Get the printing press ready! Australia to lead the West!

Get the printing press ready! Australia to lead the West! By Percy Allen, a public policy, management and finance adviser and a former secretary of the NSW Treasury and chairman of the NSW Treasury Corp. (I changed the title, as will become obvious.)

Both the IMF and the OECD say monetary policy is largely exhausted: fiscal policy must now be used to ramp- up economic growth that has been held back by the triple Ds of high debt, ageing demographics and disruptive digitisation, which includes robotics. The Reserve Bank of Australia has come to the same conclusion. …

In Australia this issue has now come to a head. The governor of the Reserve Bank, Philip Lowe, has urged the government to start pump-priming the economy by sponsoring a massive capital works program. That would lift aggregate demand given that over-indebted households are underspending. Lowe is right.

By contrast, Treasurer Josh Frydenberg has vowed to maintain a fiscal surplus – covering operating and capital accounts – since this is Australia’s best safeguard against another global financial meltdown. In such a crisis, economies such as Australia with a Triple-A credit rating stay buoyant: why squander that advantage? Frydenberg is also right. …

Let’s paraphrase: Government can’t afford any more debt. But governments need more money, if only because they think they need it to simulate the stagnating economy. The best (the only remaining?) place to get it is out of nowhere, so let’s do it in the most equitable way we know.

Governments today could issue equity – for example share certificates – against public works and request their central banks to buy them. This would sidestep debt limits. That’s not presently permissible for the US Federal Reserve, though former governor Janet Yellen ventured the Fed should be given authority to buy stocks in a recession.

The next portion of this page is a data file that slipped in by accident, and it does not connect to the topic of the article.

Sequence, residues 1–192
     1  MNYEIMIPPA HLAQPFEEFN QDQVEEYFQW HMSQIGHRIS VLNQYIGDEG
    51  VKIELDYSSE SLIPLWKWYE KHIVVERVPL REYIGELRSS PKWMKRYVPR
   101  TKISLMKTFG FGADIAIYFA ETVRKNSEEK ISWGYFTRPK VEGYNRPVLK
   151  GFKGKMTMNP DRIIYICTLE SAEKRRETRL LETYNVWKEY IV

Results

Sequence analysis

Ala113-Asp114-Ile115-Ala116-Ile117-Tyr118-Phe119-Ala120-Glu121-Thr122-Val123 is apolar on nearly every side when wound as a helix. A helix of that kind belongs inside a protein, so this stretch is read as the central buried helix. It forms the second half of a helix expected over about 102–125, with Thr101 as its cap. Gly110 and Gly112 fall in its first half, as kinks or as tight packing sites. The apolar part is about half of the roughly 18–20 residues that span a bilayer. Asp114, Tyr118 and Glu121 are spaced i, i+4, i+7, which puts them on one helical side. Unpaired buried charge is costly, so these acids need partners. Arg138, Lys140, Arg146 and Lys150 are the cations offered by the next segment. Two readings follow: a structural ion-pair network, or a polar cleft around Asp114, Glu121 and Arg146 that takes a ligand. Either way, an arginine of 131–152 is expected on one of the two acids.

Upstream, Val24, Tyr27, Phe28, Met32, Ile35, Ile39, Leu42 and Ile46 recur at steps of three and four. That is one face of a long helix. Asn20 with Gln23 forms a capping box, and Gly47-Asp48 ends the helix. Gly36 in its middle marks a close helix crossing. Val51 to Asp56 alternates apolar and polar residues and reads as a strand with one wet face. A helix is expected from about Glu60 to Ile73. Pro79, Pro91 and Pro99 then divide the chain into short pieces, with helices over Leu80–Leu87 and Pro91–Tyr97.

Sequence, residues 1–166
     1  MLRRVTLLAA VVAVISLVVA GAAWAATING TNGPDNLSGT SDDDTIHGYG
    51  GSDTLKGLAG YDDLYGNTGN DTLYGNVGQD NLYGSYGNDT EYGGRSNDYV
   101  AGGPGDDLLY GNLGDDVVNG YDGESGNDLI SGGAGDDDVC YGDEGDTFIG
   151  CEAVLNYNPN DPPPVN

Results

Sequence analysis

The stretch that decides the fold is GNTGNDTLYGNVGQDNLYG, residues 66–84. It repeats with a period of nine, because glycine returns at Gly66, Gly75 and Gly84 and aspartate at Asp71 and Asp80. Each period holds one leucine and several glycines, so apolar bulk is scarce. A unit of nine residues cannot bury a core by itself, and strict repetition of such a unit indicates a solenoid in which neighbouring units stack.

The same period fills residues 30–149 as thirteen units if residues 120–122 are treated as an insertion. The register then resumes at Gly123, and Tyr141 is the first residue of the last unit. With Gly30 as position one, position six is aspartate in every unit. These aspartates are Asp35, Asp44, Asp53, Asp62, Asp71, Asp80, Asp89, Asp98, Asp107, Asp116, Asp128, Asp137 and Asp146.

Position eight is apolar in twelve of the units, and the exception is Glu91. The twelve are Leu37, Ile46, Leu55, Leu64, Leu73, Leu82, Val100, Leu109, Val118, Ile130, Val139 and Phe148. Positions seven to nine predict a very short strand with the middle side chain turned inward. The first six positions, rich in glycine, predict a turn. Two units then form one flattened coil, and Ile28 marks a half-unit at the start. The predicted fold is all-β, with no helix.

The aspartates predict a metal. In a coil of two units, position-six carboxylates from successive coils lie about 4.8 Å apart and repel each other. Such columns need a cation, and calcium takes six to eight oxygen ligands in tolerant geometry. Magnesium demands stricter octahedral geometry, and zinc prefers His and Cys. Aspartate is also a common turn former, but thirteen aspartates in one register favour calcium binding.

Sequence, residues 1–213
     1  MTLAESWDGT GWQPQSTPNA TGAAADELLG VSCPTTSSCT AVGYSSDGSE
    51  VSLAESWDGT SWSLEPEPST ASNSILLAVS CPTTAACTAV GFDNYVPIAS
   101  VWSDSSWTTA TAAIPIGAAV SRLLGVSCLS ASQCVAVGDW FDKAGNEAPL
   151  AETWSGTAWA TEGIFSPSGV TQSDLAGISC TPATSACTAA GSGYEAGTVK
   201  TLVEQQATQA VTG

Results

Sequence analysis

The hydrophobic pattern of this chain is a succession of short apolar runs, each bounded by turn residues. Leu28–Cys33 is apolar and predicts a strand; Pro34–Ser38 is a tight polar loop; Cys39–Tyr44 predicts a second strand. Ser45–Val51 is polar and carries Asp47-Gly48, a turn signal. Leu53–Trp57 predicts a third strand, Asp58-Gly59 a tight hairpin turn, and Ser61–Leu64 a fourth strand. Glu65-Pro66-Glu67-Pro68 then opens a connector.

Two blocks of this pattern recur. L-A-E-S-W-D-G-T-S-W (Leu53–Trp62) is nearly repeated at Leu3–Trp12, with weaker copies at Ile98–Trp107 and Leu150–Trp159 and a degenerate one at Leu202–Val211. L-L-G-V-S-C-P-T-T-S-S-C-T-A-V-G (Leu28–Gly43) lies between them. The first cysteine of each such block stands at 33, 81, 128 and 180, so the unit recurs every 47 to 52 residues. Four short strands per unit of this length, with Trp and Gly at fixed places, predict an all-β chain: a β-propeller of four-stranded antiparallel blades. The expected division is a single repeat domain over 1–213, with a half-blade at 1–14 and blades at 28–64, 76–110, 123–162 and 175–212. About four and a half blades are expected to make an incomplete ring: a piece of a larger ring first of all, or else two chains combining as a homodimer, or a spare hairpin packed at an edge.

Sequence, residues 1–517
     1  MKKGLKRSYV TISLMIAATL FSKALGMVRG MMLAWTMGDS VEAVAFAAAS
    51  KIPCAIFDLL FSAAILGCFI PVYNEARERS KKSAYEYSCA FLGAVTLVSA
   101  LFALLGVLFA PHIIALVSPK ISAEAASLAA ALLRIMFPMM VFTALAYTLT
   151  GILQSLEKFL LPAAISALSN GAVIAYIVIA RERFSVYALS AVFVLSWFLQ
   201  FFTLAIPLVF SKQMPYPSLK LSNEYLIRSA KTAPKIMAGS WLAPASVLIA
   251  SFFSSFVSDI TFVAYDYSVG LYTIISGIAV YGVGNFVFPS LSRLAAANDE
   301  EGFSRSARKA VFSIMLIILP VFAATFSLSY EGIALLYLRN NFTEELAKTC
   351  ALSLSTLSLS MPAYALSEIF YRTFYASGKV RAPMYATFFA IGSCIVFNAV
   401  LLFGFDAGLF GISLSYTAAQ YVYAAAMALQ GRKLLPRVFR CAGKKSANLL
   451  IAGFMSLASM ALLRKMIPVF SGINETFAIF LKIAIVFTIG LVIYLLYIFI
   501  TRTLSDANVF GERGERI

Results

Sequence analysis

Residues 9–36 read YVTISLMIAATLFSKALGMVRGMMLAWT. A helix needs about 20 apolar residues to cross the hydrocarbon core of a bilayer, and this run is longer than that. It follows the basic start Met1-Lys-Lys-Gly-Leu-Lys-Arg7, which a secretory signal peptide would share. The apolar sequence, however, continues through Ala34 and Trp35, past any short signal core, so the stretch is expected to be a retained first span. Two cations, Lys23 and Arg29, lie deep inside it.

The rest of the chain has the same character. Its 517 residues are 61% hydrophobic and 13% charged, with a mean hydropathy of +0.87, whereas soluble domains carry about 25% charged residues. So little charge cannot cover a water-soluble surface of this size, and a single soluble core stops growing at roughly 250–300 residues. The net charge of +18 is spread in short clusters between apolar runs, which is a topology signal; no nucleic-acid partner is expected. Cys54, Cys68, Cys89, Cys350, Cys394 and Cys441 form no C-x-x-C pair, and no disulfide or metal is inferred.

Government shares, unlike bonds, would not pay interest nor add to public debt which is important because sovereign debt across the OECD area has jumped from US$25 trillion in 2008 to US$45 trillion in 2018. …

My suggestion is QI – quantitative investing – whereby central banks print money for the public good rather than private gain.

Does this proposal sound crazy? Sure does, but so did quantitative easing (QE) when it started because it was tantamount to central banks printing money to buy government bonds and other securities mainly from banks. The banks in turn used the proceeds to lend largely for asset speculation and corporate share buy-backs because most businesses refused to borrow for new plant and equipment.

QE saw bond, property and share prices soar, but there was little expansion of productive capacity and earnings. Financial centres flourished while economic hinterlands struggled. The asset-rich enjoyed rising share and property prices. Ordinary people whose wages stagnated, then revolted by electing Donald Trump, supporting Brexit and flocking to populist parties across Europe.

That’s why the burning question for the developed world, including Australia, is what should replace QE given that we have reached a monetary and fiscal impasse?

My suggestion is QI – quantitative investing – whereby central banks print money for the public good rather than private gain. Any return to QE which increased economic and social inequality could further strain class, regional and inter-generational tensions. That could imperil liberal democracy. …

We have being saying for two decades now that when the crunch arrives, the political class will choose inflation to debt repayment. They will choose an inflationary mess rather than risk repeating the Great Depression. This is inevitable, and was always foreseeable.

Normally a national Ponzi scheme such as this would be inflationary, but if the developed world is in a liquidity trap exacerbated by high debt, an ageing population, a shrinking workforce and low productivity gains, then weak aggregate demand would be bolstered by a large infrastructure program funded by government share certificates bought by the central bank. It would be preferable to governments loading themselves up with more debt given already excessive levels.

Author: It’s inflationary, but we have to do it. We have no choice. Besides, the new money will be spent by us, big government! Which will be lots of fun for us and our friends, and the people in receipt of government spending.

Money is implicitly a promise, that you will be able to exchange it sometime in the future for roughly what it’s worth now, in terms of goods and services. Issue too many promises, and they cannot all be kept. Inflation follows, whereby each unit of currency buys much less in the future.

Gold, anyone?